RV Winter Camping
How about full-time RV camping in the winter? Can it be done?
Absolutely! You can live in your RV in winter weather. You’ll need to take some extra steps and precautions, but
camping even in below zero environments is doable.
Winter camping is not for everyone, so before you launch yourself into the winter wonderland, make sure you
wouldn't prefer a snowbird winter down south.
For the hearty souls that don't mind a little ice and snow, go for it and enjoy the experience. The main thing is
to be prepared.
Here are a few suggestions:
1. If you’ll be parked for several months in sub-zero temperatures it is
advisable to put wide planks beneath your tires and jacks to prevent your rig from sinking as the ground
2. In sub-zero climates, or even consistently below-freezing temperatures, it will be absolutely essential that you
put skirting around the bottom of your trailer. If you don’t, you will have to probably tow your RV to Mexico and
wait a week or two for those frozen blocks - that used to your holding tanks – to thaw. If your tank is
relatively full, there is an excellent chance that a hard freeze will rupture it.
3. There are several possible ways to insulate the bottom of your trailer. First, you could construct a frame and
attach insulation to the inside and outside of the frame. At a minimum, you could use 2 X 2 lumber and staple or
screw on the best insulation you can get locally. Try to get the insulation slightly below ground level to prevent
drafts. Seal all possible openings to prevent cold air seepage. You could also attach snaps to the bottom of your
trailer and make a snap-on curtain from a heavy-duty waterproof material. Buy enough loose fiberglass batting
to fill the cavity beneath your trailer. Leave an empty spot beneath your holding tanks and put a heat lamp or
high-wattage bulb to generate heat. I wouldn’t advise putting an electric heater there because of the risk of
fire and the fact that it will burn too much electricity.
4. Remove all interior fixtures and stuff with insulation where it is missing. If temperatures are going to be well
below zero, you will want to either cut and install foam insulation board over windows, vents and doors, or make
some type of insulated blanket and attach over them. Tape up seams along windows and vents. You may want to leave
one vent or window available to open for venting.
5. You are going to have to deal with condensation. In freezing weather, you can find a sheet of ice on your walls
and ceiling. Since this is probably not a good thing, you may think about getting a dehumidifier to ease the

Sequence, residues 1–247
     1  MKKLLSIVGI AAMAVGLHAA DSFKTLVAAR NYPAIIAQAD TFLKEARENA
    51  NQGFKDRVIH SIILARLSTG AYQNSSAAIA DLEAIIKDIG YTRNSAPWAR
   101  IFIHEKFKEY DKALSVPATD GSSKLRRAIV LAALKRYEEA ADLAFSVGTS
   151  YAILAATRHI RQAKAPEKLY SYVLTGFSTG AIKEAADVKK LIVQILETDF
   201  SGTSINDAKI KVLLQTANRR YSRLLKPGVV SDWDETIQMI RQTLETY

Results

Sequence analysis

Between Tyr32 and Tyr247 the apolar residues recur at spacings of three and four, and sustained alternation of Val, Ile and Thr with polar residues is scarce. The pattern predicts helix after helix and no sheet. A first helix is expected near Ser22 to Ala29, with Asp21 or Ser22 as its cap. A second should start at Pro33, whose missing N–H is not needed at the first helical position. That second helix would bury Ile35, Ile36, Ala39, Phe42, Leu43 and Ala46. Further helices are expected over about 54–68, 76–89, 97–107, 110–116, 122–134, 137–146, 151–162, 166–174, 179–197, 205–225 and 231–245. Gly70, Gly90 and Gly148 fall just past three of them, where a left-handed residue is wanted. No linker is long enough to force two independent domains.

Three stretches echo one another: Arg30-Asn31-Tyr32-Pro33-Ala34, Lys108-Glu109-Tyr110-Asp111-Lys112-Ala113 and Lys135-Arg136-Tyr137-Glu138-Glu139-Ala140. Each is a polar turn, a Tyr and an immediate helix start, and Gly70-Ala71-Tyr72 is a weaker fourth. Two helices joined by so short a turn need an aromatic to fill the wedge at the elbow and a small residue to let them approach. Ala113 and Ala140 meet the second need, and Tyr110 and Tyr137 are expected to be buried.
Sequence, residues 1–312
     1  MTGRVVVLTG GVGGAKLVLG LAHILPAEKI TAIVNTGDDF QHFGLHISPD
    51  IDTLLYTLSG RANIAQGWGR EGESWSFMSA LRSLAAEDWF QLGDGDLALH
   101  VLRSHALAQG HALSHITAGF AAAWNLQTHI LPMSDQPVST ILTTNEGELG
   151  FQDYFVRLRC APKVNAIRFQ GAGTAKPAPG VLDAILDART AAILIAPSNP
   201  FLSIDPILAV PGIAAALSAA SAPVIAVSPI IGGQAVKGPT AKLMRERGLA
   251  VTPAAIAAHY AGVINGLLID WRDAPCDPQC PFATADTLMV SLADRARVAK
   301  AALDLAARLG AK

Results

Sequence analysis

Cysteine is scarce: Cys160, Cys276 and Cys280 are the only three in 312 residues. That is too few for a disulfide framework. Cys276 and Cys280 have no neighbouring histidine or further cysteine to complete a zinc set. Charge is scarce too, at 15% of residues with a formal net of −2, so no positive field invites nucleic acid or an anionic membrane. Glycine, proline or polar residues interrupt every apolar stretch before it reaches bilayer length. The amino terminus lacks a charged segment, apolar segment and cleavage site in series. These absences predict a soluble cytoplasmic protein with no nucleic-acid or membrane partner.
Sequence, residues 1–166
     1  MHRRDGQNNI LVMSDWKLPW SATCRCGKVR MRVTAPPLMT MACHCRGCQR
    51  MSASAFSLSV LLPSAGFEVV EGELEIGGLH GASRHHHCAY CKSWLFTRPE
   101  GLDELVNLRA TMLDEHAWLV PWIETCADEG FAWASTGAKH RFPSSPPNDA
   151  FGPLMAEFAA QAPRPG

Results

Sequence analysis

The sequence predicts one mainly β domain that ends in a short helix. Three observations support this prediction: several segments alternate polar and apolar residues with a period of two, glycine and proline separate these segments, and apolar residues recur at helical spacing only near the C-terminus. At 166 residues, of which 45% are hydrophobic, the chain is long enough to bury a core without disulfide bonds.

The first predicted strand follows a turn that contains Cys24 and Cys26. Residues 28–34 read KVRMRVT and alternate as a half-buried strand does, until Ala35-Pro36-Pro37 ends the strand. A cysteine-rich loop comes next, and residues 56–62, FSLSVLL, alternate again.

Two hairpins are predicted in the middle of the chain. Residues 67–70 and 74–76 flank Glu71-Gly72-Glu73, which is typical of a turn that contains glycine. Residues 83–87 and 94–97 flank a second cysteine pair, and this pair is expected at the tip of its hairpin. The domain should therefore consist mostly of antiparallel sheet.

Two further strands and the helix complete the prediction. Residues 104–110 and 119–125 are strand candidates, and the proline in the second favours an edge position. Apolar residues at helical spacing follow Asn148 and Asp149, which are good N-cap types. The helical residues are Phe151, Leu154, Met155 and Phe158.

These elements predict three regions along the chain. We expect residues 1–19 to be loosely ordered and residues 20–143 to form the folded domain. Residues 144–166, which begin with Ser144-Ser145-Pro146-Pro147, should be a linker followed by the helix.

6. Go to your local discount or hardware store and buy electrical heat tape designed to be wrapper around water
hoses. This will help keep your water hose from freezing. Be certain that your inlet to the trailer and also the
outside water faucet are wrapped with the heating tape. If you leave the heating tape thermostat hanging outside
and don’t wrap it, you will get a continuous source of heat to help prevent freezing. Add a couple of layers of
insulation over the heating tape and then wrap with a plastic sheeting to waterproof. Finally, secure all of this
with overlapping wraps of tape.
7. Interior plumbing should be wrapped with insulation. Sometimes access to the pipes is impossible. In that case,
where possible, place 40 watt bulbs along interior compartments by your plumbing. Put a couple of bulbs in the
compartment with your dump valves. If you are using your freshwater holding tank instead of city water, make sure
you put a bulb in the cabinet with your water pump. Otherwise, winterize your freshwater tank with the proper
antifreeze an be certain that the solution is also in your water pump before turning it off.
8. Keep your gray and black-water valves closed until you are ready to dump. Gray water constantly allowed to drain
will eventually form an ice dam in your sewer hose. As an alternative, you could also try insulating and wrap heat
tape around your sewer hose if you want to leave the gray-water valve open. In any case, be absolutely certain that
your sewer hose is at a steep angle where liquids drain rapidly and are not allowed to stand.
9. Keep a couple of extra gallons of freshwater in containers in case all else fails and your waterlines freeze.
Plan on enjoying inventing new ways to thaw your water pipes.
10. If you plan on using a catalytic heater it is mandatory that you provide a source of ventilation unless you
want to risk dying from carbon monoxide poisoning.
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